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Friday, November 21, 2014

Holiday Tips

Our school social worker emailed the following today, great tips!

Family Gatherings Tips
 
Family Gatherings can be the most difficult of trips. The main challenges may be about how you and your child should behave, houses that are not child-proofed, and the high level of social interactions directed at your child. Children with taste sensitivities may also not like any of the food that is prepared.
 
1.     Travel, if possible, in two cars. One parent can return home with your child if he/she becomes distressed and the rest of the family can stay.
2.     Feed your child ahead of time. A fed child is better behaved than a hungry one.
3.     Allay concerns that your child doesn’t eat enough by explaining that he/she already ate.
4.     Bring food that your child will eat.
5.     Feed your child in a separate room, if he was not fed ahead of time.
6.     Come early before most people arrive. This let’s your child get accustomed to the growing number of people rather than being there all at once.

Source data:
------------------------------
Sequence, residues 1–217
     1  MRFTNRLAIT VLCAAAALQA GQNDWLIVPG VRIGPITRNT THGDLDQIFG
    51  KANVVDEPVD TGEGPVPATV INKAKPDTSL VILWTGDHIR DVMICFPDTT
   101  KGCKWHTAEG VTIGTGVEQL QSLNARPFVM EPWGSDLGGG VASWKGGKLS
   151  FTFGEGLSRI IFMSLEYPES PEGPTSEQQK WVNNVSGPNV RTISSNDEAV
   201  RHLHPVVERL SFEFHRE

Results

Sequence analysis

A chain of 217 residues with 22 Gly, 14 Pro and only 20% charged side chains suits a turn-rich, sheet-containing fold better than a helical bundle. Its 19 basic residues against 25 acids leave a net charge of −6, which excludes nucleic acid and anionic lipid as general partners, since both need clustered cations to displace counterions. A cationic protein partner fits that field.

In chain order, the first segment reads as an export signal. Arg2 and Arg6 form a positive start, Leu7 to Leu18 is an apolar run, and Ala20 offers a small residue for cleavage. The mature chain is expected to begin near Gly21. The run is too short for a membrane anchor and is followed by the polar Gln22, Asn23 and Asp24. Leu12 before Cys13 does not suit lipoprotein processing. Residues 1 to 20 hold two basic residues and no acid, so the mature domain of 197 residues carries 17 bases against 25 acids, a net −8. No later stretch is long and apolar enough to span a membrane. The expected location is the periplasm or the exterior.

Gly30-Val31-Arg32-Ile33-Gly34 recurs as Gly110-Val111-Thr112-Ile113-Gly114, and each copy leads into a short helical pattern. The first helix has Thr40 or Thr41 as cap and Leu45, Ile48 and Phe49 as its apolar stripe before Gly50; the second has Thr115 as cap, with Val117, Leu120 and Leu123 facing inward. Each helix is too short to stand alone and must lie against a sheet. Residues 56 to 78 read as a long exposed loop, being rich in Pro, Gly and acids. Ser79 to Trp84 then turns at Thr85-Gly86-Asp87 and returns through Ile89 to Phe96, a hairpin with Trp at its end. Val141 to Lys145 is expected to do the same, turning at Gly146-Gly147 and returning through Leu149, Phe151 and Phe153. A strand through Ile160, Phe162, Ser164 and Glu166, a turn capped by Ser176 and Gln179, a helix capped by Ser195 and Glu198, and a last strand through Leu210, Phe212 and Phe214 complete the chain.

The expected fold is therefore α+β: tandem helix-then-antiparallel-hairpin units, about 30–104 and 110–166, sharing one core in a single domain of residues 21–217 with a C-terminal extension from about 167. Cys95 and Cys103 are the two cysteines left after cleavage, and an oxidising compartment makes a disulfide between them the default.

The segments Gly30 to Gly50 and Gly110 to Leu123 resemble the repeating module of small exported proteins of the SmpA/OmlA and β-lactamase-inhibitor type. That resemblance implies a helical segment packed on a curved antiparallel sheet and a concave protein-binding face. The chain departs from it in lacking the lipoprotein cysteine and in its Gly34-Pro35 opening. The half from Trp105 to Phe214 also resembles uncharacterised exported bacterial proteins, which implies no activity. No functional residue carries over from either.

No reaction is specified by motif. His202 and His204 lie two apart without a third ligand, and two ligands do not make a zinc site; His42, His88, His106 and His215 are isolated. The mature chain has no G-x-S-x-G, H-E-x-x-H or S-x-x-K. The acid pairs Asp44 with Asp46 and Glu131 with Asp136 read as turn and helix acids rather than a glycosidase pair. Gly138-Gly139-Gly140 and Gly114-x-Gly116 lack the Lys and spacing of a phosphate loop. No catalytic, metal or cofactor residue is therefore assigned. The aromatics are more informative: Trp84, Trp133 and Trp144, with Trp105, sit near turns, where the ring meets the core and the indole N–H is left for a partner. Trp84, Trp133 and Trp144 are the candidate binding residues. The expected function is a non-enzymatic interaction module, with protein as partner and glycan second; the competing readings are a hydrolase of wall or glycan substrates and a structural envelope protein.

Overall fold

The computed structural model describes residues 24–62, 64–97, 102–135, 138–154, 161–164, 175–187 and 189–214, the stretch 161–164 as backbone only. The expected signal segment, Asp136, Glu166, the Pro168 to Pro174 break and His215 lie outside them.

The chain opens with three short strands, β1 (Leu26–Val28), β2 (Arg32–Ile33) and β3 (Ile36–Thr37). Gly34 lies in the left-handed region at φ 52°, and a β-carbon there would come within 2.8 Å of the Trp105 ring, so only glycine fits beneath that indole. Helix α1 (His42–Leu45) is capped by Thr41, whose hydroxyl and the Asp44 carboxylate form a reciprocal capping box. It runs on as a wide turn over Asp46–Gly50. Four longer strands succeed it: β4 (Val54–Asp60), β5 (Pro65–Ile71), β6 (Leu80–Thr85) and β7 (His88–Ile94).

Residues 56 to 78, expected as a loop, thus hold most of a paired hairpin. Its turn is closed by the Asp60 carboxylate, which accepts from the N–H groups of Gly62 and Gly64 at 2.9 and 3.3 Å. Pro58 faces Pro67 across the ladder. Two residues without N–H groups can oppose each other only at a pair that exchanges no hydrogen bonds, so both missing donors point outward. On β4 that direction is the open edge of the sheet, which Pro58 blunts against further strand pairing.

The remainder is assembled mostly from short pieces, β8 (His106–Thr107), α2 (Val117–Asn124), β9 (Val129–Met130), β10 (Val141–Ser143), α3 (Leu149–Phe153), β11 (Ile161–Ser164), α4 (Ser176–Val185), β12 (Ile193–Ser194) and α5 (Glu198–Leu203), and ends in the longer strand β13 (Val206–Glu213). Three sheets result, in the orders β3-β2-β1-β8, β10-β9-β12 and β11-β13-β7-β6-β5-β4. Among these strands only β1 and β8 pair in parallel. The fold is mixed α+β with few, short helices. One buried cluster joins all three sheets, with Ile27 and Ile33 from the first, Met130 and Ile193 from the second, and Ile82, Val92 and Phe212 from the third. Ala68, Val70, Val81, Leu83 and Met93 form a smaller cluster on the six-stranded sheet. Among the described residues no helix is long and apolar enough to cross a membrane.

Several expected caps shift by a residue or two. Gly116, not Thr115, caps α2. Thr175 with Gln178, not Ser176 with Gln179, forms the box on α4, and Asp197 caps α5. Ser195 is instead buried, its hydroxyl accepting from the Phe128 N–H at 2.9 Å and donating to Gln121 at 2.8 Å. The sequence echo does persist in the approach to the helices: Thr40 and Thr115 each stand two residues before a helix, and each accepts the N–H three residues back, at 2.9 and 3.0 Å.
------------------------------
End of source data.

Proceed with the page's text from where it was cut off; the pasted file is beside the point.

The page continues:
7.     Ask if you can remove breakable items from your child’s reach.
8.     Avoid homes where people refuse to accommodate by doing even the simplest of child-proofing. This creates and inappropriate stress level on you and your child.
9.     Pick a quiet place in the home to go if your child becomes distressed.
10. Bring your child’s favorite toys or games.
11. Show your child pictures of relatives and teach him/her their names beforehand.
12. Let others watch your child if they volunteer. You need a break too.
13. Ask for help if you need it. Ask, “Could you watch him/her while I eat?”
14. Accept unwanted advice with the “I’ll have to think about that,” and smile. They are really trying to help. People cannot understand what it is like to live with autism until they experience it for themselves.

Wednesday, November 5, 2014

Central Michigan University launches first northern Michigan autism clinic

Central Michigan University launches first northern Michigan autism clinic: Central Michigan University (CMU) launched a program that is the first of its kind in northern Michigan—an autism assessment and treatment clinic.